These two volumes compilation on various dimensions and emerging areas of the discipline of Psychology was initially planned as part of an academic proposal some years back. But due to certain unforeseen constraints it was not possible for the Asiatic Society to publish them on time. However, considering the importance of the subject in terms of its growth, spread and development in post graduate curricula of various university departments starting from 1916 in the University of Calcutta, it was finally decided to publish this unique compendium. The Editors of these two volumes have included some very interesting and important papers assorted from published journals, seminar proceedings, books etc. They have clarified almost all the terms used in the title of this publication leaving perhaps little space for any misunderstanding to a reader.
The scholars specially the students and researchers in the discipline of Psychology would find this work as very useful one. The papers have been divided into two time-frames-ones from 1916 to 1940 and the other from 1941 to 1965. The first volume mainly covers the development of the discipline centring around the basics current in the University of Calcutta while second volume covers contributions of other areas mainly focusing later developments in other departments of Psychology established in many parts of the country at a later date. The Editors have also taken the pain of bringing out certain distinguishable differences in the trend of teaching and research in various sub-divisions of the broad domain of Psychology encapsulated into these apparent time-frames. I believe the scholars in the subject would appreciate the efforts of the Editors in this matter.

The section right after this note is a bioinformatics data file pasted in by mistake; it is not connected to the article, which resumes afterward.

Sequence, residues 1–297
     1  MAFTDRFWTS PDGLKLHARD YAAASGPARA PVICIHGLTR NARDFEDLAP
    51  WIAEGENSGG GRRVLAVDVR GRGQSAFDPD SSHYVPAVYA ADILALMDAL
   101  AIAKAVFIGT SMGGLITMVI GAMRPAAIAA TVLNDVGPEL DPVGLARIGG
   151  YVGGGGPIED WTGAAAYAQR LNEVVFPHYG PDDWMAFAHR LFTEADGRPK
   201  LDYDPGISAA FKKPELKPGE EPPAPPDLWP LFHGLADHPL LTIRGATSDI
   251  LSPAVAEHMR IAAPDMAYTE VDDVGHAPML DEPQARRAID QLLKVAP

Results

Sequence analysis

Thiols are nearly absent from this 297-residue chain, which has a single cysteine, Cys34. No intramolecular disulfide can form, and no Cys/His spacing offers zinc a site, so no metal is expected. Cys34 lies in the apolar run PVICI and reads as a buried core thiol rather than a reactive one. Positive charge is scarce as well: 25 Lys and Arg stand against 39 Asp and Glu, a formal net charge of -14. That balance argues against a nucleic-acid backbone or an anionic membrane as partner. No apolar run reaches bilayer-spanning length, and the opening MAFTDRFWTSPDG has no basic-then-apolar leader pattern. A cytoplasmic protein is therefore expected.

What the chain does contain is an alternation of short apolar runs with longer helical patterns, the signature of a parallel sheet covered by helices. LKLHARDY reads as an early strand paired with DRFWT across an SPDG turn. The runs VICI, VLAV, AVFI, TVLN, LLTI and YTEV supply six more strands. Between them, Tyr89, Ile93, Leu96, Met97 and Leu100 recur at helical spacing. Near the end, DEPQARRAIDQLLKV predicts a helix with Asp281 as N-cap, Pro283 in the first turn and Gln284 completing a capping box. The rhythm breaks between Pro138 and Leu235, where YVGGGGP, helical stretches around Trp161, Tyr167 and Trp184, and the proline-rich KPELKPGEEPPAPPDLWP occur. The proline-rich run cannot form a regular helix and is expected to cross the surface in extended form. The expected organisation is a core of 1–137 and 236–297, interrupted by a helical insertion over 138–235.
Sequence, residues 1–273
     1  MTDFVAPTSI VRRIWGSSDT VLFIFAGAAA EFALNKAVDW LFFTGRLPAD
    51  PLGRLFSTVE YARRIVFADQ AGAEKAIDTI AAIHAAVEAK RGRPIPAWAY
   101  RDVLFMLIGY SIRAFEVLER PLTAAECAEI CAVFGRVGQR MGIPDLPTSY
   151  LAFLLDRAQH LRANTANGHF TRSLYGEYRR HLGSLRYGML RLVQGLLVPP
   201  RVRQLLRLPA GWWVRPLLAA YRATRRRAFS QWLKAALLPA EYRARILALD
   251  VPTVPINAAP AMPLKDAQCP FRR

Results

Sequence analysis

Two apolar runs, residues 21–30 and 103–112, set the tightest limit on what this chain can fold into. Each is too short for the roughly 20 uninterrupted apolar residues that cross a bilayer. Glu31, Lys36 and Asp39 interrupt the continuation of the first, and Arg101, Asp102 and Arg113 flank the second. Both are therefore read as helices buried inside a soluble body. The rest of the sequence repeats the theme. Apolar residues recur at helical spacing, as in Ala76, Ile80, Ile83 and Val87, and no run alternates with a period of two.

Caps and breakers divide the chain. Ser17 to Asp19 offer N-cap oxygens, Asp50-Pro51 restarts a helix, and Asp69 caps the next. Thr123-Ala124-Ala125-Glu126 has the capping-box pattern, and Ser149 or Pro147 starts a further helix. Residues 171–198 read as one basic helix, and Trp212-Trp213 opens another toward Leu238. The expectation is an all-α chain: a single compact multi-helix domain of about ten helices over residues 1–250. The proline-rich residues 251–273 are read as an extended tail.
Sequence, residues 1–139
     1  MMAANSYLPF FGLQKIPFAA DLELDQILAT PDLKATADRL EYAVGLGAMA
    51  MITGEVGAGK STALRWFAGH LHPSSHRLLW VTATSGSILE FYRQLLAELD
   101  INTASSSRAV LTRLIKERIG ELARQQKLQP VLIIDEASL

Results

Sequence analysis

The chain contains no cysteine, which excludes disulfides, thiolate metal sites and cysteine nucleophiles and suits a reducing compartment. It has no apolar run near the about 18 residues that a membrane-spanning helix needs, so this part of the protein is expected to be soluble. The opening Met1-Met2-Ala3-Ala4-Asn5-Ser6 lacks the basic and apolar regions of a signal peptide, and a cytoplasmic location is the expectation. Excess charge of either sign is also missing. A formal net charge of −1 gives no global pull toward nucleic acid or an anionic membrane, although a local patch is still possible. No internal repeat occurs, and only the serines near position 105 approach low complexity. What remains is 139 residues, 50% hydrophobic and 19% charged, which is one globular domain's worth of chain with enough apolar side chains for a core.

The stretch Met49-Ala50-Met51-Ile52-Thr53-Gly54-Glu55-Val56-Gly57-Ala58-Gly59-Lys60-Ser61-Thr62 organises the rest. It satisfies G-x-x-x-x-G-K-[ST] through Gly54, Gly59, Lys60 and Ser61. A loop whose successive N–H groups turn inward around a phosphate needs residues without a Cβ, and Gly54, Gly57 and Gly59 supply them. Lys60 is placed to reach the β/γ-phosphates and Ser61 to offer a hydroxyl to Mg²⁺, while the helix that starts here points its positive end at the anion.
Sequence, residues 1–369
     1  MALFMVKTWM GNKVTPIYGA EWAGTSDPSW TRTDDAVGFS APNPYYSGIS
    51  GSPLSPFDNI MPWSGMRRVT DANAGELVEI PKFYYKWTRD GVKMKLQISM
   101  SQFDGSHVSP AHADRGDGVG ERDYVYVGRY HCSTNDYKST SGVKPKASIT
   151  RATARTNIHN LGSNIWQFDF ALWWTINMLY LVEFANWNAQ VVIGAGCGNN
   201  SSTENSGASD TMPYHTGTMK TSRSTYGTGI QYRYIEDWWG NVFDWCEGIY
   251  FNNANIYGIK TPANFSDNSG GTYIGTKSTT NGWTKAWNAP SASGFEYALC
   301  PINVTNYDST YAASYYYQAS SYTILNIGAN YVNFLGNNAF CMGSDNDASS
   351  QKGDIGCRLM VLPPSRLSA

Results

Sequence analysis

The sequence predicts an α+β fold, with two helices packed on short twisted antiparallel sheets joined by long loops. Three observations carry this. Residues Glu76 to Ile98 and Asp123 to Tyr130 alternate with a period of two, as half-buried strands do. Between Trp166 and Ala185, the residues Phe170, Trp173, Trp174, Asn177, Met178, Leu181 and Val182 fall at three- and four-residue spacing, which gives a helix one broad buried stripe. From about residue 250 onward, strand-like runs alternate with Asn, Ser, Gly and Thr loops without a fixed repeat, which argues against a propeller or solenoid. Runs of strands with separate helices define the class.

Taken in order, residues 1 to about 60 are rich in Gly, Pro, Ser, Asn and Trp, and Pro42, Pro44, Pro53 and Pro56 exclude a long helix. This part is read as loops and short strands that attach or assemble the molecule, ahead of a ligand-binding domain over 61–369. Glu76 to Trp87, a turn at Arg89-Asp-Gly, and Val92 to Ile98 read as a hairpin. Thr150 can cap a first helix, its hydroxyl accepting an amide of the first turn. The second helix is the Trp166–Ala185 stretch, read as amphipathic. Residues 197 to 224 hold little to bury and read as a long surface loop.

The first Psychological Laboratory in the world was set up by Wilhelm Wundt in the University of Leipzig in 1875 for experimentally studying the mental states. Brilliant students from all over America and Europe were attracted to Wundt's Laboratory and spread the subject to different countries. Though universally recognised official year of establishment of Leipzig Laboratory is 1879, the actual year of its foundation is 1875. Dr. S. C. Mitra witnessed the fiftieth anniversary of the Laboratory celebrated at Leipzig in November 21, 1925 (Dutta 1937; Mitra 1937).
Calcutta: The Pioneer in Psychological Movement
The first Psychological Laboratory in Asia was established in Japan. The Calcutta University started the first Psychological Laboratory and the Department of Experimental Psychology in India in 1916 at University College of Science, 92 Upper Circular Road (now, Acharya Prafulla Chandra Road) in Calcutta. Dr. N. N. Sengupta was the first Head of the Department, who was specially trained in the Harvard University under Professor Hugo Munsterberg. The students then trained in the Calcutta Laboratory have been instrumental in spreading the psychological movement throughout India. The Post graduate course in Psychology was opened in 1916 and the Undergraduate Honours course in 1920 (Bose, p. 3).